A Comparative Study of Impacts to Mountain Bike Trails in Five Common Ecological Regions of the Southwestern U.S.


  • Dave D. White
  • M. Troy Waskey
  • Grant P. Brodehl
  • Pamela E. Foti


Recreation ecology, recreation impacts, ecological impacts, impact assessment, trail management


A rapid increase in mountain biking participation over the past thirty years has led to concerns about ecological impacts to recreation environments, especially trails. It is widely accepted that recreational use of natural areas inevitably results in some degree of change to resource conditions, and managers must consider the social acceptability and ecological significance of such changes in their decision making. The ecological impacts of mountain biking, however, and relationships between impacts and trail features remain poorly understood.

This study uses Common Ecological Regions (CERs) as a mapped ecological framework to guide comparative analysis of differences in maximum trail incision and trail width at varying slope levels for mountain bike trails in five CERs in the southwest U.S. A point-measurement trail assessment procedure was utilized to measure maximum incision and width for 163.2 miles of mountain bike trails. Results show a significant effect of CER on trail width and maximum incision and a significant effect of trail slope on maximum trail incision. Maximum trail width and incision were greatest in the Arizona/New Mexico Mountains region, perhaps due to environmental features such as erodable soils and sparse trailside vegetation, higher use, and/or user behavior. Maximum incision increased consistently with slope for three of five CERs.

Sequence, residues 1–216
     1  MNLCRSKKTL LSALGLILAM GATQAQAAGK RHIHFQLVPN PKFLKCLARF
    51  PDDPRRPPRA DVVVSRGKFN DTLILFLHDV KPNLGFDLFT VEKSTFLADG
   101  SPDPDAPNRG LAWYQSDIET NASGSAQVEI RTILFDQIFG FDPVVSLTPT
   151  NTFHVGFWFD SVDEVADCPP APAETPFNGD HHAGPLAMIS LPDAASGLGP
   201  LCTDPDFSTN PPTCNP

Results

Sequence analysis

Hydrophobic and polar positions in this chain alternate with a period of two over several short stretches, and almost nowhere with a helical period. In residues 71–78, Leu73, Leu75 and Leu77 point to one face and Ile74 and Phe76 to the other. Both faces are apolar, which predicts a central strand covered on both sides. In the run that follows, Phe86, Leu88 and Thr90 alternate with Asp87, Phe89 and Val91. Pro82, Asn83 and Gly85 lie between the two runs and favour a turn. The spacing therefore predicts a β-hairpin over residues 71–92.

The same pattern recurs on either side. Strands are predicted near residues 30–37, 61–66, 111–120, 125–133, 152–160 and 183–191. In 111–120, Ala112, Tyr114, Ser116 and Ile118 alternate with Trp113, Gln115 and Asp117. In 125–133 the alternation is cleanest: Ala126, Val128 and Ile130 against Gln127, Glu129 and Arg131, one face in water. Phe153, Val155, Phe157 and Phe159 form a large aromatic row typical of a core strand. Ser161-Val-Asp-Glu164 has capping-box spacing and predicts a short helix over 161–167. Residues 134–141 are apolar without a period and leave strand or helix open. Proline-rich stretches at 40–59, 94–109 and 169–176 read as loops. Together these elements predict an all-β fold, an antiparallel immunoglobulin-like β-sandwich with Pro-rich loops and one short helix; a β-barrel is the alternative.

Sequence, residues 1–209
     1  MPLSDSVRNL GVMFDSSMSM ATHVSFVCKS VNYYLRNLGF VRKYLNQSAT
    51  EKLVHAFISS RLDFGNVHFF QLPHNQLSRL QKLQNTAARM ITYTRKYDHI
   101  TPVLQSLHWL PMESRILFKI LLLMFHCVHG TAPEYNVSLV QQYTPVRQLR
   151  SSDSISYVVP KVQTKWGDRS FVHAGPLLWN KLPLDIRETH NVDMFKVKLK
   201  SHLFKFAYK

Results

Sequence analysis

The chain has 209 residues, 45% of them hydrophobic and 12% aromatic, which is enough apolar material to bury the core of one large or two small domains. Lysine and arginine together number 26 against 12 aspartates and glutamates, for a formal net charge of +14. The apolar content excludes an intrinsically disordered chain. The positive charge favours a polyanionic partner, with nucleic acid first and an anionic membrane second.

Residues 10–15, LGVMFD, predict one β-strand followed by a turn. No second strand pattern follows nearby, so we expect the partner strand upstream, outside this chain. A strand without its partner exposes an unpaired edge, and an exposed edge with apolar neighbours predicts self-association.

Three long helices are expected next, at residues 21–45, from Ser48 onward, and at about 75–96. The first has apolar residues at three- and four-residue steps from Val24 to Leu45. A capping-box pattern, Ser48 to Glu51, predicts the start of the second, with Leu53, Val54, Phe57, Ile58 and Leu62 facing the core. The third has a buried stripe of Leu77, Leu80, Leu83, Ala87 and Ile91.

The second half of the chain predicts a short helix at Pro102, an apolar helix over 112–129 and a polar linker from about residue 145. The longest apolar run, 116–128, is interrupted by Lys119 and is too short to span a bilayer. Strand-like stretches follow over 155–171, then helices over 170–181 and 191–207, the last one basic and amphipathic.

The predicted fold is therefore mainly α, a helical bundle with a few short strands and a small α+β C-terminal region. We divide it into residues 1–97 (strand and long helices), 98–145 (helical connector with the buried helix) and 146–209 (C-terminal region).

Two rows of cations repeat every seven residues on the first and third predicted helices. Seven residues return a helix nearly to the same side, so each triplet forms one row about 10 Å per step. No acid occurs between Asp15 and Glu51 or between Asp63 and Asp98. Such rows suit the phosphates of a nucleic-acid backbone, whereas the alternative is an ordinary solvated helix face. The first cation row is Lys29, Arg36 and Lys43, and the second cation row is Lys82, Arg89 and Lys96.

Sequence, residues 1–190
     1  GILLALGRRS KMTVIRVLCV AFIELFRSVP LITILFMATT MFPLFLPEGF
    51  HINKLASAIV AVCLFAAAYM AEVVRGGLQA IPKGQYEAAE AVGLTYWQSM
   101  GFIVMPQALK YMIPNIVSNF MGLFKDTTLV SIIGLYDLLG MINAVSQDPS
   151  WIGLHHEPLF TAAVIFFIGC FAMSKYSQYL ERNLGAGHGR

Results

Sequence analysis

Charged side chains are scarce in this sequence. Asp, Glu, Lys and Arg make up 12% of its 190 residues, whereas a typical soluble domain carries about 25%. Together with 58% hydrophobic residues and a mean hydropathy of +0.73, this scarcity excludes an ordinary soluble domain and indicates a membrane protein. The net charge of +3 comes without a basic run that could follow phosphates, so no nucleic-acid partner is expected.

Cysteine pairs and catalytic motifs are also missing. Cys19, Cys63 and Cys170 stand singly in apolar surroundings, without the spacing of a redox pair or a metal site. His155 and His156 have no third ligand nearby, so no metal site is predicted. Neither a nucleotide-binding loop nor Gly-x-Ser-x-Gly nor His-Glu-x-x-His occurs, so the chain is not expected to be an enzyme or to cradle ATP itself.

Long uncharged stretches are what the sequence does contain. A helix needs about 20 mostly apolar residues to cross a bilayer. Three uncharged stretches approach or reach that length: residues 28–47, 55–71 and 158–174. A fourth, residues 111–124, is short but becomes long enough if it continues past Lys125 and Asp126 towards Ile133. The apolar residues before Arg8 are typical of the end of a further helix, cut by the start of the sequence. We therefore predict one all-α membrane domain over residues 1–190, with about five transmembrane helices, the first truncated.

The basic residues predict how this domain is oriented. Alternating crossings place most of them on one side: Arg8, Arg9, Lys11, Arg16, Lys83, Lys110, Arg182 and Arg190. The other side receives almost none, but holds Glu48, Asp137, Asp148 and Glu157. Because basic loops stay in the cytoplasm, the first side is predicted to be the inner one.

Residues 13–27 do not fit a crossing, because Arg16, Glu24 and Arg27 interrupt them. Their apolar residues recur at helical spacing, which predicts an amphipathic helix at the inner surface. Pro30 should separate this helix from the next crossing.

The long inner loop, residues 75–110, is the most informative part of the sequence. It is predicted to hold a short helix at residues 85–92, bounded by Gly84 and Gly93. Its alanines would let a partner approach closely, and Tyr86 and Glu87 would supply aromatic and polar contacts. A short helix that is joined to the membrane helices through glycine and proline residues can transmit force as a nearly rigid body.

Relative to other trail impact research, the sites assessed in this study were in similar condition to other trails on the specific parameters measured. The findings from this study reinforce results from previous research that certain impacts to mountain bike trails, especially width, are comparable or less than hiking or multiple-use trails, and significantly less than impacts to equestrian or off-highway vehicle trails.





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